For Darkness Shows the Stars
by Diana Peterfreund
It’s been several generations since a genetic experiment gone wrong caused the Reduction, decimating humanity and giving rise to a Luddite nobility who outlawed most technology.
Elliot North has always known her place in this world. Four years ago Elliot refused to run away with her childhood sweetheart, the servant Kai, choosing duty to her family’s estate over love. Since then the world has changed: a new class of Post-Reductionists is jumpstarting the wheel of progress, and Elliot’s estate is foundering, forcing her to rent land to the mysterious Cloud Fleet, a group of shipbuilders that includes renowned explorer Captain Malakai Wentforth–an almost unrecognizable Kai. And while Elliot wonders if this could be their second chance, Kai seems determined to show Elliot exactly what she gave up when she let him go.
But Elliot soon discovers her old friend carries a secret–one that could change their society . . . or bring it to its knees. And again, she’s faced with a choice: cling to what she’s been raised to believe, or cast her lot with the only boy she’s ever loved, even if she’s lost him forever.
Inspired by Jane Austen’s Persuasion, For Darkness Shows the Stars is a breathtaking romance about opening your mind to the future and your heart to the one person you know can break it.
Do you ever have those books where you enjoy reading them WHILE you’re reading, but when you have to put it down it’s not a big deal? That’s what For Darkness Shows the Stars was like for me. While I was reading, I enjoyed the story and the writing, but when I would look down at my watch and see I needed to leave to go to work or a meeting and had to put the book down for a while, it didn’t bother me at all to leave the story. If I had to return this book to the library before I finished, I wouldn’t have been upset at all.
I haven’t read Jane Austen’s Persuasion, so undoubtly this affected my reading of this book in some regards. I LOVED the inclusion of the technology drift. Instead of society being stratified based upon economic class, the two main classes in this book were based upon their views towards technology. The Luddites, or the class of people to which Elliot belongs, shun most technology as evil. I really enjoyed this aspect of the book, and so many of my favorite parts where the ones in which the ethics of technology was debated. I think it was an interesting addition to this story, which at it’s core, is a love story.
The main aspect of this book that made it not a I LOVE THIS! book for me were the characters. Now, I am typically a character-driven reader. Nothing makes me DNF a book faster than characterization that is sloppy or makes no sense. Peterfreund’s characterization wasn’t bad by any means, and they grew and learned throughout the story, but I never felt as emotionally connected to them as I would have liked. I kept reading because the plot intrigued me, but I felt no loyalty towards the characters. I was a happily-ever-after not because I cared about the characters but just because I wanted a happy ending.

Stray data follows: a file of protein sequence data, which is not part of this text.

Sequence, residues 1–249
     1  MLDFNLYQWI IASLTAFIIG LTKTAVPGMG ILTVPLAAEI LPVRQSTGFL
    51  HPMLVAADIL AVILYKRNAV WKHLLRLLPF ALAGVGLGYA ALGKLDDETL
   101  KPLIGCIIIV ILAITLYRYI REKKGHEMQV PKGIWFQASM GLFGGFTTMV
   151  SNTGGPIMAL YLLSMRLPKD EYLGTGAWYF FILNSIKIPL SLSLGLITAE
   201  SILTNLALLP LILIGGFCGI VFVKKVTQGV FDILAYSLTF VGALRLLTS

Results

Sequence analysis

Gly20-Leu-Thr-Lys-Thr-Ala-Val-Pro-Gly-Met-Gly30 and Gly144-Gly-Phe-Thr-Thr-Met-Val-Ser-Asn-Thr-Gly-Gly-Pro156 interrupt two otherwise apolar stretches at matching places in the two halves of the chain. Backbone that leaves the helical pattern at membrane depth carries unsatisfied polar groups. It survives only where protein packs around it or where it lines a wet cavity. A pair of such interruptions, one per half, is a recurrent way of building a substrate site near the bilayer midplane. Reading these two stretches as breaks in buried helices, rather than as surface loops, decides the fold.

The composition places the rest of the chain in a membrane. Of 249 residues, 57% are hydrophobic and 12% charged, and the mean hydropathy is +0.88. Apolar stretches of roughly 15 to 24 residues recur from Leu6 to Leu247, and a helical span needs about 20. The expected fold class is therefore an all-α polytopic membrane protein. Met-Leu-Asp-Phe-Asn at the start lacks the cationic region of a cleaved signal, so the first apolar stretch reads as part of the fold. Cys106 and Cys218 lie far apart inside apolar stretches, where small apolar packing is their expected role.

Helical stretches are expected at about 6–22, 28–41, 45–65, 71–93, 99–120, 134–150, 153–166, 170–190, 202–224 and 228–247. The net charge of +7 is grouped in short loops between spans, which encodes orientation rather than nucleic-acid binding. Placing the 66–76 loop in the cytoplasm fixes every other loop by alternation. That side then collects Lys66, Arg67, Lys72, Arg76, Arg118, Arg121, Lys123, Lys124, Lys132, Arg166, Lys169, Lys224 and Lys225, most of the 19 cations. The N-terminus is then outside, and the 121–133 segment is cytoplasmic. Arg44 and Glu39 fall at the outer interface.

By the end of the book, I was only half-heartedly rooting for Elliot, and wasn’t too fussed about Kai at all. They just didn’t stand out to me in any great way. I did think that Peterfreund’s writing was had a great natural rhythm. It felt Austen-like, but in a more modern, contemporary way. As far as actual retellings go, this is a pretty good one from what I know, though I haven’t read the source material. It felt familiar, but with a spin that made the tale fresh.
In short, I liked this book, but I didn’t love it the way I thought I would. I never REALLY felt a strong connection to the characters, and I never felt emotionally invested, only marginally interested. I would have also liked a little more exploration of the ethics of the society. It was a good read and when the book was opened, I enjoyed it, but it’s not a story I fell in love with and would have a desire to re-visit any time soon.
Final Impression: Overall, I enjoyed this book and would recommend it as an entertaining read, but wouldn’t expect to much out of it(which is a bit sad, because the technology ethic in the post-apocalyptic society had SUCH potential!). I did enjoy the plot a lot and by the end, some of the characters, though I wished I had felt that a bit stronger in the beginning. The writing was very Austen-ish and I really enjoyed that aspect of the story. 3/5 cupcakes.